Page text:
A review of Haruki Murakami’s “What I Talk About When I Talk About Running.”

This is a series of reflections of living a life shaped by writing and long distance running.

Mr Murakami writes in a clear and calm way about how the disciplines of writing and running, for him, inform each other.  Writing a novel involves sustained effort and calling on reserves of concentration.  Running involves a focus and concentration and a delving down into reserves of energy that is not dissimilar.  And of course for both, practice/ training is essential.

The writer is quick to point out that is not a training manual for writing or running, or a series of steps for others to follow.  Rather it is an attempt through writing to understand himself better, and in doing so, share what he has learnt along the way.  And so he recounts how he sold his jazz bar to begin writing and how he later began running, and how the disciplines informed both.  The book is a series of chapters that have been written between longer jobs at various places, and as he says in his Afterword, therefore took a long time to write.  And so it has a purposefully disjointed to and fro feel, reflecting someone rifling through their memories, and finding linkages. And so we find ourselves training in Tokyo gardens, then participating in New York marathons, then Japanese Ultrathons, then jogging by the Charles River whilst lecturing in Harvard.

As someone training for their first marathon I found the book both scary and helpful.  Marukami’s account of his first marathon, following the same route as the very first in Athens, is a vivid and memorable sequence.  He ran in incredible heat, the salt of his sweat drying in the heat.  He describes the various stages, the long busy motorway at the start, the segue into the country, and recounts his mood of irritation and anger with everything towards the end.

The other stand out chapter is the ultrathon.  This is terrifying, even for a marathon a year runner like him.  He describes in scary detail the physical symptoms of knotting muscles, swelling limbs, legs going dead.  He pumps his arms so hard to keep moving his wrists swell!

There are also vivid insights into the writing process, the hard work and ultimate satisfaction of writing, especially a novel.  He also writes on the peculiar psychology of writing, how he has learnt to deal with the morbidity, he calls it the toxicity that occurs in the mental health of writers.  And he writes on the no small matter on dealing with the human condition, of looking to the sky for kindness and seeing only clouds, of ageing and accepting its rigors and demands.

In short it’s a rich and rewarding read, not to be confined to the sports shelves alone.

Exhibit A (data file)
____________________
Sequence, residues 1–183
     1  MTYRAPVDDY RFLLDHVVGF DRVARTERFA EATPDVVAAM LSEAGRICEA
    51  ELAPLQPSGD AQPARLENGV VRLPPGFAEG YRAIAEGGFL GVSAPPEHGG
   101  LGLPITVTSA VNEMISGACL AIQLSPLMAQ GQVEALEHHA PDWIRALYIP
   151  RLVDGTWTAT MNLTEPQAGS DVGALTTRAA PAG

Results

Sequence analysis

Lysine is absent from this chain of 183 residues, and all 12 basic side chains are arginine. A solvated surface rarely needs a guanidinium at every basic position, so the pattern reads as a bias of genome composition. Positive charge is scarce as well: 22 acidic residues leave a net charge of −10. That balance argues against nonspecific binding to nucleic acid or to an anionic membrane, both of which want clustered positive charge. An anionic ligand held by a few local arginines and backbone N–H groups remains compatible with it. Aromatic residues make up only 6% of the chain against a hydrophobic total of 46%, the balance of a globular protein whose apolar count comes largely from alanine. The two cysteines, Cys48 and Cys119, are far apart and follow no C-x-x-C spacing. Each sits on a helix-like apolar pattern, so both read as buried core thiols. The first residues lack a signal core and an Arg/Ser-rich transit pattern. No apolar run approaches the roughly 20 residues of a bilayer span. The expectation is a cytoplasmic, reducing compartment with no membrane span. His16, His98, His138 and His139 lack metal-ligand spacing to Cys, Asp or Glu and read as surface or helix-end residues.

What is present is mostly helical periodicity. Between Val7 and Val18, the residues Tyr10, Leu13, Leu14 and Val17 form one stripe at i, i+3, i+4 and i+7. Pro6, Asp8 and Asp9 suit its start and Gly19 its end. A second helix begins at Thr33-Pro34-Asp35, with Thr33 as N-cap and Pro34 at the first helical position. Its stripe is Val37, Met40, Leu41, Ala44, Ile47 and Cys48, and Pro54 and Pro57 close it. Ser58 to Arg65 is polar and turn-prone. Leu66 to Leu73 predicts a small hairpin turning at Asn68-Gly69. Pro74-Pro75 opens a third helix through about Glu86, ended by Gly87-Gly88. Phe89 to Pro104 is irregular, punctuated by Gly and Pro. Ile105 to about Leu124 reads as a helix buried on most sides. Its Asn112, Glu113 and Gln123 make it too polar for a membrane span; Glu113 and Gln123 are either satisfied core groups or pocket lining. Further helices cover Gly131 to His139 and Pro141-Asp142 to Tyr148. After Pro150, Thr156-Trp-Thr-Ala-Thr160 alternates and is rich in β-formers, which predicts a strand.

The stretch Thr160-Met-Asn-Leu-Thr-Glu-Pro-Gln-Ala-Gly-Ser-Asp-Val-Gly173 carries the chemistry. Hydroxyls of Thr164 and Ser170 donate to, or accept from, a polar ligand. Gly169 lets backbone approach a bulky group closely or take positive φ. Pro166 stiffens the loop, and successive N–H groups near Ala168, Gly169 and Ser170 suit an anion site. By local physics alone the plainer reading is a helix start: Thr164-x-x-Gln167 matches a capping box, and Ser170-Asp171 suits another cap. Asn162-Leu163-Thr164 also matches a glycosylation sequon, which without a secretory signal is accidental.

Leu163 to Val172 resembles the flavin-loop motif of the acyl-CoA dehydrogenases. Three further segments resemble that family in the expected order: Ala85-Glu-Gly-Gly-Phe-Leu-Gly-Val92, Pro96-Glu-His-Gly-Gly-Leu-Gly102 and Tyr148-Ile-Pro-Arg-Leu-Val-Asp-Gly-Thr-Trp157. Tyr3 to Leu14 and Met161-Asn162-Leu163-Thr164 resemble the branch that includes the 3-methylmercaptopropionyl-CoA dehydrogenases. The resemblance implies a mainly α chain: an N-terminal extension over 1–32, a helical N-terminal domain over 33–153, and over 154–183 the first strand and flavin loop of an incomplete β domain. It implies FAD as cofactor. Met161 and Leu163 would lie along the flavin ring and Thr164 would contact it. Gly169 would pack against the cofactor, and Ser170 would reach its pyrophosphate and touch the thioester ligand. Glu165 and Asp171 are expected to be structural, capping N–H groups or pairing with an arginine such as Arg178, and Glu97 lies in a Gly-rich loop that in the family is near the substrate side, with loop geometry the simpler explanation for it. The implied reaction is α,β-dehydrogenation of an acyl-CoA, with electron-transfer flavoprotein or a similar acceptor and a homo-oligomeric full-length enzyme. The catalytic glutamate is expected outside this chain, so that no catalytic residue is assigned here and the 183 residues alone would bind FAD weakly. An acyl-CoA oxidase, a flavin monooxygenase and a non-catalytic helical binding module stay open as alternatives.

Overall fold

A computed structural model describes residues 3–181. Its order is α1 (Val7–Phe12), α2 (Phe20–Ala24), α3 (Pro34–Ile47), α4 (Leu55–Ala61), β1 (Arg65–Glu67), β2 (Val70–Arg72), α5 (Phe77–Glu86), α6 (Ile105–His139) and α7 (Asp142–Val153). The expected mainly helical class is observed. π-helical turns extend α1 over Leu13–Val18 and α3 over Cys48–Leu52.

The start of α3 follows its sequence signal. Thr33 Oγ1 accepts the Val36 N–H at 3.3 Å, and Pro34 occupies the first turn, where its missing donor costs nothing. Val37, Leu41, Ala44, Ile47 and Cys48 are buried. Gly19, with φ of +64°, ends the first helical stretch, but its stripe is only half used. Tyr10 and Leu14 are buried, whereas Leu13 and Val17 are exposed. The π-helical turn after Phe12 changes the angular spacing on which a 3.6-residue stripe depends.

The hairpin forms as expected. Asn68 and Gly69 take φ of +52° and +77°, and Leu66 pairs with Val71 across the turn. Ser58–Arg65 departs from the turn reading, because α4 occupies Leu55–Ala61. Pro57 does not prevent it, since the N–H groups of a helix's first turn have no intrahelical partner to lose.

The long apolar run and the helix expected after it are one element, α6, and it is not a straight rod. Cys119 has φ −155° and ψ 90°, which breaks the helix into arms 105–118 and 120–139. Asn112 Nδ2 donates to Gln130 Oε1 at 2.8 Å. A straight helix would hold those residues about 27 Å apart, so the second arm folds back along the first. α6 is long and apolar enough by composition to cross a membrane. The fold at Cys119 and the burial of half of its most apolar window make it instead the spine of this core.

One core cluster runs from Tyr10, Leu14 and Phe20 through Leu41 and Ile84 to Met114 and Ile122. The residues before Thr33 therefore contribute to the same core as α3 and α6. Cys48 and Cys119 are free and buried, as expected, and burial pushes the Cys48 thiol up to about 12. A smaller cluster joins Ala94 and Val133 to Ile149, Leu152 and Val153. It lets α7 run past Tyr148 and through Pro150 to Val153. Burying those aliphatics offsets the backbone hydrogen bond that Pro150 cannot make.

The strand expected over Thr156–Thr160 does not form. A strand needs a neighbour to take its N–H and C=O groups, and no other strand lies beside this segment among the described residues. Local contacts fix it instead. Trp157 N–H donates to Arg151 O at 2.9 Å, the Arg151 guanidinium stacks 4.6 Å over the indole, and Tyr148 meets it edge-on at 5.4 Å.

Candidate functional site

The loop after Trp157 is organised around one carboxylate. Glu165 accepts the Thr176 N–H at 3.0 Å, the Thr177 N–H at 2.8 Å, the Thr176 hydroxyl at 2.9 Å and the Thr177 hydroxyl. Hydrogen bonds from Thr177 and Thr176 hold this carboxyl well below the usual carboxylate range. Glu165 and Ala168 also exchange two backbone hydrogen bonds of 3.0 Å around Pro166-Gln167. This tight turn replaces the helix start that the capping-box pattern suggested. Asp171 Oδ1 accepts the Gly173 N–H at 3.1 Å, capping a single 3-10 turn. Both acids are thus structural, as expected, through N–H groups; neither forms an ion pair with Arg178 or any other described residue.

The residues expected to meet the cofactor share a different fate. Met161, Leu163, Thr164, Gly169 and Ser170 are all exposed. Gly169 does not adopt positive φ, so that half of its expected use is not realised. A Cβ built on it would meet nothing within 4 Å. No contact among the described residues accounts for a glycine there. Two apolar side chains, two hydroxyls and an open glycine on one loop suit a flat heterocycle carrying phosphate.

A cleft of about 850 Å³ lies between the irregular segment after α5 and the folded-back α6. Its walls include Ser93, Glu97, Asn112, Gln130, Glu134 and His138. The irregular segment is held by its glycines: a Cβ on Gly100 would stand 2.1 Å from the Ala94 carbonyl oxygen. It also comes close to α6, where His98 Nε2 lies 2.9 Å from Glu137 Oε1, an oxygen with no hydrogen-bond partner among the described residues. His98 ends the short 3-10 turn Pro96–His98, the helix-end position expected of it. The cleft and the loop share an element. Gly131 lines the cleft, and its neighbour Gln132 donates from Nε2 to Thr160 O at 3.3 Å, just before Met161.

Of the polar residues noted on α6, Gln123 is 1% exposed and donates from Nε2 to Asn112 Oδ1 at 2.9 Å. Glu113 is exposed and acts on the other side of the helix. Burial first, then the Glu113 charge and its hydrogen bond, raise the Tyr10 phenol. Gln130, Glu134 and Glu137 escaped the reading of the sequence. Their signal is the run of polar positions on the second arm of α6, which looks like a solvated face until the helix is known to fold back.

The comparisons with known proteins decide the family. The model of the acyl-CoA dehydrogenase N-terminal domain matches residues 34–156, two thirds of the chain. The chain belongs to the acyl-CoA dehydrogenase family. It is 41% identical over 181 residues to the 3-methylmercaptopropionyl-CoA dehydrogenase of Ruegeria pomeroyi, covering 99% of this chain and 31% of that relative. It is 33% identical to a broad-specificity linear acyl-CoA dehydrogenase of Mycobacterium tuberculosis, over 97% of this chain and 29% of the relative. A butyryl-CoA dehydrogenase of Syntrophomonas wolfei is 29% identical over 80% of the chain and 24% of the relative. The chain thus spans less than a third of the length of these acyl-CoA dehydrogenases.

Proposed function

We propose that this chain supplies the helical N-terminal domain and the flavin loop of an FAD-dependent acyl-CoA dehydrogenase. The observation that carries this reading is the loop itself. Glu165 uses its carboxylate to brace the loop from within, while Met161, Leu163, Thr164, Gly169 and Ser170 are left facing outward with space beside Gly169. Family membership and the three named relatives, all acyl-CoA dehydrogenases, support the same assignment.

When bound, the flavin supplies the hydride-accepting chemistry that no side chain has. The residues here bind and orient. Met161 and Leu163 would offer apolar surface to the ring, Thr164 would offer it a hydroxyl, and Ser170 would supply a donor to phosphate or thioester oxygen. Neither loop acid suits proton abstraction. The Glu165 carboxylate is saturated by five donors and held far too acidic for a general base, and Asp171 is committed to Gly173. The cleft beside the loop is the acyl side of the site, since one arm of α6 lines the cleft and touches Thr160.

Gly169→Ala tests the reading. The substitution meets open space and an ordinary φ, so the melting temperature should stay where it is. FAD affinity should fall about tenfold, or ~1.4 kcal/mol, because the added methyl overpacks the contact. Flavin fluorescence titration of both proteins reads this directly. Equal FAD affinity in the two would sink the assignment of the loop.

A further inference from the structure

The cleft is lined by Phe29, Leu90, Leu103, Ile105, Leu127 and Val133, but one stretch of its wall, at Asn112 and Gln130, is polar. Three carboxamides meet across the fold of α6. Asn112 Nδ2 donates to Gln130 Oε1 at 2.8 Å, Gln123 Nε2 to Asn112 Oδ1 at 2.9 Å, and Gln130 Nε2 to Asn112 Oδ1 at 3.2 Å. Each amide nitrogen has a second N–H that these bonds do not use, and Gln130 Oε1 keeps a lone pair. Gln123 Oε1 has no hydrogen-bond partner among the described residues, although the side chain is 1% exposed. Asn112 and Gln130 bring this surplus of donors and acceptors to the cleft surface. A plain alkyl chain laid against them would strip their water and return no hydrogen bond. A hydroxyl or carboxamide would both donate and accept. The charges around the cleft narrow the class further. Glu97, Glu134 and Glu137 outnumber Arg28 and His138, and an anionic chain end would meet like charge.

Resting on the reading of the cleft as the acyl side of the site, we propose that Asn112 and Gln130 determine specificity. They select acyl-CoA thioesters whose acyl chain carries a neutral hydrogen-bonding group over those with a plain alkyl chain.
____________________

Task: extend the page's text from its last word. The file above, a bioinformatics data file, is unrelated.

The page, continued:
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A review of Stant Litore’s “Dante’s Heart.”

In this short story Stant Litore, author of “the Zombie Bible” series, paints a dreamscape of a haunted traveller, Dante, who is hunting the violent creatures that erupt from his chest when he sleeps.  He is especially driven by the fact that one of these creatures slew his father.  He’s accompanied by a Dwarf, and a Naiad (Water Nymph).

This is a prose poem that will frustrate some just as it haunts and enchants others.  Chase it too hard for meaning and it will become a cryptic puzzle as opposed to a pleasure to read.  But the core meaning isn’t too hard to fathom; we beget violence which causes havoc.  However, even that violence can be transfigured and redeemed by innocent hearts as with the children and the horned animal in the story.

There are some wonderfully rich colour illustrations in the pages (by artist Roberto Calas), of some key images in the story.

This is transcendental and imaginative story telling.  It’s worthy of, and echoes, Ray Bradbury at his strangest.  If you have a loved one who loves stories, this will make a very decent gift.

A review of Darren Shan’s “ZOM-B Bride”

This is the most claustrophobic installment yet of Shan’s undead apocalypse saga.  Set entirely in the underground lair of B’s nightmare clown nemesis Mr Dowling, there are no wide open spaces, and no natural light.  The stink of excrement and blood is everywhere.

As well as the usual lashings of gore, this book has the general ‘yuck’ factor turned up to maximum.  There are images to make you gag.  I won’t dwell here on the toilet hygiene habit of Dowling’s mutants.  Suffice it to say they don’t use Andrex.

When we last saw B Smith at the denouement of “Zom-B Family,” she was being carried off by the mutant babies to Dowling’s lair, having been rescued from the ‘Board’ and Dan Dan.

In this story, she learns of Dowling’s plans for her, and they are of a disturbing nuptial nature.  We learn of the origin of the mutant babies, and some of Dowling’s origins, but there is a lot to sketch in still, as with the Dowling/Owl Man/Oystein triumvirate.  There’s a suitably messy and violent final chapter and we can see the general direction the narrative will now take.  It’ll be a relief to get out in the open again.  That’s the main gripe I have with this book.  The atmosphere and general stink is oppressive, like being locked in a fetid public loo.  There is the usual wild Shan imagination at play, including some trippy scenes of B and Dowling’s mental bonding, and the story moves at its usual cracking pace.  It also develops the arc from book one in a satisfying way, with very early scenes revisited and shed light on.  This is not an arc which loses sight of its origins. It also prompts us to explore the motivations of its darkest characters.  Do we feel sympathy for the Devil?

This isn’t my favourite book of the series, but it is still a wildly entertaining page turner.  But if you are going to jump on to this ride there’s only one place to start, which is book one.